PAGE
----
Dueling Appeals On Taxes From Obama, Clinton
Monday, May 5, 2008
SOUTH BEND, Ind., May 4 -- Two days before critical primaries in Indiana and North Carolina, Sen. Hillary Clinton (D-N.Y.) scolded both Sen. Barack Obama (D) and "elite opinion" Sunday for opposing her proposals to fix the ailing economy, while the senator from Illinois accused her of political pandering.
"There's a big difference between us, and the question is: Who understands what you're going through, and who do you count on being on your side?" Clinton said to several hundred supporters in Fort Wayne. "I believe I have what it takes to stand up and fight for you when you need a president on your side."
Obama appeared to acknowledge that Clinton's populist economic message is finding a receptive audience in Indiana when he called for a second round of government tax rebates. "Let me tell you something, people are really hurting," Obama said during his own appearance in Fort Wayne. "I am here to tell you, you're not on your own. We're in this together."
The two scoured the state before a primary that Obama last month called the "tiebreaker" in the Democratic contest. He is hoping that victories here and in North Carolina would build pressure on Clinton to exit the race for the party's nomination, and both candidates are betting that their rhetoric on the economy -- Obama insisting voters will reject easy answers, Clinton with her proposals for short-term relief -- will give them an edge Tuesday.
The candidates taped appearances on competing Sunday-morning talk shows from Indianapolis, campaigned in Fort Wayne, stopped in towns across the state (Clinton in South Bend, Obama in Elkhart) and returned late in the day to Indianapolis, where they again sparred over gasoline taxes in consecutive speeches at a state Democratic Party dinner.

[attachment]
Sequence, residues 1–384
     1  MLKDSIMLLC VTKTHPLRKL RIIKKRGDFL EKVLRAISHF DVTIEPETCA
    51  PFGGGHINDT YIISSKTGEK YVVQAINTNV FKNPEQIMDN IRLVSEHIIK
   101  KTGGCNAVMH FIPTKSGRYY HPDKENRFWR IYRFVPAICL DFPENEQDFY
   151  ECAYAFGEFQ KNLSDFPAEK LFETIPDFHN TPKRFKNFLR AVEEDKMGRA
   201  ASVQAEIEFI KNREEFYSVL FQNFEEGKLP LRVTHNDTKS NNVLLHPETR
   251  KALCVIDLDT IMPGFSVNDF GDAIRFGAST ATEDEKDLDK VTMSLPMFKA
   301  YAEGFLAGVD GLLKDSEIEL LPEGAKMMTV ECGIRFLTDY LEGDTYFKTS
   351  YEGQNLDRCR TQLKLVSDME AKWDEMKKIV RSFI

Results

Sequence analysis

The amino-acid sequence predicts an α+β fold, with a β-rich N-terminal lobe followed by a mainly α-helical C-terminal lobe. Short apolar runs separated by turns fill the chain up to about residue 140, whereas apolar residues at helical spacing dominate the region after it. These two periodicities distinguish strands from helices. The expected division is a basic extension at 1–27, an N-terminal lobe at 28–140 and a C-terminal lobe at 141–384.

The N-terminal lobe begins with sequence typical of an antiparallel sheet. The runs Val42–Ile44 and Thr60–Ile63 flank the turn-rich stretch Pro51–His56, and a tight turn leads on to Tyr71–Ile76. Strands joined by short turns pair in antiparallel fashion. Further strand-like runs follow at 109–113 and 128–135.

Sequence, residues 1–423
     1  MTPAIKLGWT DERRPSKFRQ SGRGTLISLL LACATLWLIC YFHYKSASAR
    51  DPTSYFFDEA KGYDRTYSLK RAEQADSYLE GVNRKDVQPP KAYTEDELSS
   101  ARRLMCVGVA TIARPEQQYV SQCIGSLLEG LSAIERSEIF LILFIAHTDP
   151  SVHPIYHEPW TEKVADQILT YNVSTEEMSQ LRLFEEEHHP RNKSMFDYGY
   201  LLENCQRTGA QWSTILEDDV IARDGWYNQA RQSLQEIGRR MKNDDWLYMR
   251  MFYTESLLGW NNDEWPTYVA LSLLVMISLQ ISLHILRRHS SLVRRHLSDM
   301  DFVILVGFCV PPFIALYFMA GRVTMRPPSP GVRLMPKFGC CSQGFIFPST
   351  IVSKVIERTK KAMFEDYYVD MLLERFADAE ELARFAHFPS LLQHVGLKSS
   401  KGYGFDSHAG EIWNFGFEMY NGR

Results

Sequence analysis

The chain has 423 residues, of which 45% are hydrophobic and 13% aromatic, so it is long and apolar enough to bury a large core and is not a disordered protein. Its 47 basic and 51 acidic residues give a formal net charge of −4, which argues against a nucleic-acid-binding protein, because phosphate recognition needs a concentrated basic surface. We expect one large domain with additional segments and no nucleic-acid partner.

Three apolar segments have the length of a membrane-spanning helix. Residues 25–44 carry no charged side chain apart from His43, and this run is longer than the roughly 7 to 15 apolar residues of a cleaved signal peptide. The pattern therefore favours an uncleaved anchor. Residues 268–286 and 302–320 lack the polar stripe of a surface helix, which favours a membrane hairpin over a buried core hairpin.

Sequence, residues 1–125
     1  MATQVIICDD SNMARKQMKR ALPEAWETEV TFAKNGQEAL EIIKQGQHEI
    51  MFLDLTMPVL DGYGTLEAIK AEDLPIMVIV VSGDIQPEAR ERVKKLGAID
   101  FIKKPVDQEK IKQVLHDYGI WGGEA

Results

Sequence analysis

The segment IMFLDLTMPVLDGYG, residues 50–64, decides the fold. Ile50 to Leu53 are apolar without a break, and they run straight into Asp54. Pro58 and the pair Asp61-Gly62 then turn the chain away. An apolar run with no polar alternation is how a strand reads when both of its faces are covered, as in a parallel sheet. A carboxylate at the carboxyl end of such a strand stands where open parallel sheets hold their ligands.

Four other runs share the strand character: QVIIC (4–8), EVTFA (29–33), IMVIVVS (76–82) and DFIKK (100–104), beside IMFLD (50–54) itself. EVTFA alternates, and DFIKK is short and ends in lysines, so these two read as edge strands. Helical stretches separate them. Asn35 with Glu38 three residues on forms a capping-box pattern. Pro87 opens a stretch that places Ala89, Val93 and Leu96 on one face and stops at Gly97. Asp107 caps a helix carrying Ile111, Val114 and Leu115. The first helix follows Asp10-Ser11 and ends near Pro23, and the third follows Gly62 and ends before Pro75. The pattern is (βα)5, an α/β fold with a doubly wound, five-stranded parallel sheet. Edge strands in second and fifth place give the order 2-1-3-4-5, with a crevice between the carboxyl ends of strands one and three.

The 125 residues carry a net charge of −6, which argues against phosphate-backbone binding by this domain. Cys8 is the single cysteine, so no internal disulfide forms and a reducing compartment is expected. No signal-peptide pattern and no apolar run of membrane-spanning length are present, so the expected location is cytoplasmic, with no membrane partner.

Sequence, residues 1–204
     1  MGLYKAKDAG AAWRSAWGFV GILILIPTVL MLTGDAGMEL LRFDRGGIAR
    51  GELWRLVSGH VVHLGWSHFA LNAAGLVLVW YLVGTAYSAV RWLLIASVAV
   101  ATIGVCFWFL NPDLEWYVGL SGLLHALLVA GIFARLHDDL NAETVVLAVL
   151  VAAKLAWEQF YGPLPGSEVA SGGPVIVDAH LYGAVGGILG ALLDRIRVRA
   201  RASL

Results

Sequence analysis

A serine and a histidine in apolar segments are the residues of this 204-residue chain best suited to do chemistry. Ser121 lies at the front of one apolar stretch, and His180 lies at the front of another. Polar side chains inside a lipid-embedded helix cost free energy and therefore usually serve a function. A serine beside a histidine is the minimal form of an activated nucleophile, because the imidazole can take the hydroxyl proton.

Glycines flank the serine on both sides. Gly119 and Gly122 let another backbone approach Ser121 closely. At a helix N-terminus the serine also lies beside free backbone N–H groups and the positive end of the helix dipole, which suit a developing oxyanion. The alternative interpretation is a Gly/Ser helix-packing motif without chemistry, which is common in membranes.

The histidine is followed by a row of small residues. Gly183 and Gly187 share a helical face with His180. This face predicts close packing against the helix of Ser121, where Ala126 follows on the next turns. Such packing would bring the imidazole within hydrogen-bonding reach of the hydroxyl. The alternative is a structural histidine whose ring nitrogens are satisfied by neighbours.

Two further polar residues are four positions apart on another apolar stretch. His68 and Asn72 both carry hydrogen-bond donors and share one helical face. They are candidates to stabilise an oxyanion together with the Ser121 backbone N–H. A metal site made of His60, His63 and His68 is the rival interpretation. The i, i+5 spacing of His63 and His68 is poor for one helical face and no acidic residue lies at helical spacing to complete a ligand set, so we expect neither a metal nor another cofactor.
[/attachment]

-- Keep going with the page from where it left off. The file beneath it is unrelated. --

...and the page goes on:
Sunday was their last full day of campaigning here before Tuesday's vote. Clinton will make two stops on Monday in North Carolina, and Obama has three appearances scheduled. Obama has led by double digits in North Carolina polls for weeks.
In their television appearances, Obama continued to face tough questions about his controversial former pastor, and Clinton was criticized for her aggressive stance toward Iran. But both also renewed their debate over Clinton's proposal to suspend the federal gasoline tax for the summer months.
Obama said his previous support of suspending the gas tax in Illinois, when he was a state senator, was a "mistake." He derided Clinton's plan on NBC's "Meet the Press," calling it "a political response to a serious problem that we neglected for decades."
His campaign launched a new television ad labeling the idea a "bogus gas tax gimmick."
Obama said his proposal for a tax cut for the middle class, as part of an economic stimulus package, would be more effective than Clinton's gas tax suspension.
"Look, people do need serious relief," he said. "They are getting hammered. I mean -- people who can't go on job searches because they can't fill up their gas tank. And so, what I've said is, let's accelerate the second half of a tax stimulus proposal that I have put forward that would put, immediately, hundreds of dollars into people's pockets to get through the summer."
Clinton has her own tax-cut proposals that benefit the middle class, but she said the gas tax holiday would be an important short-term measure.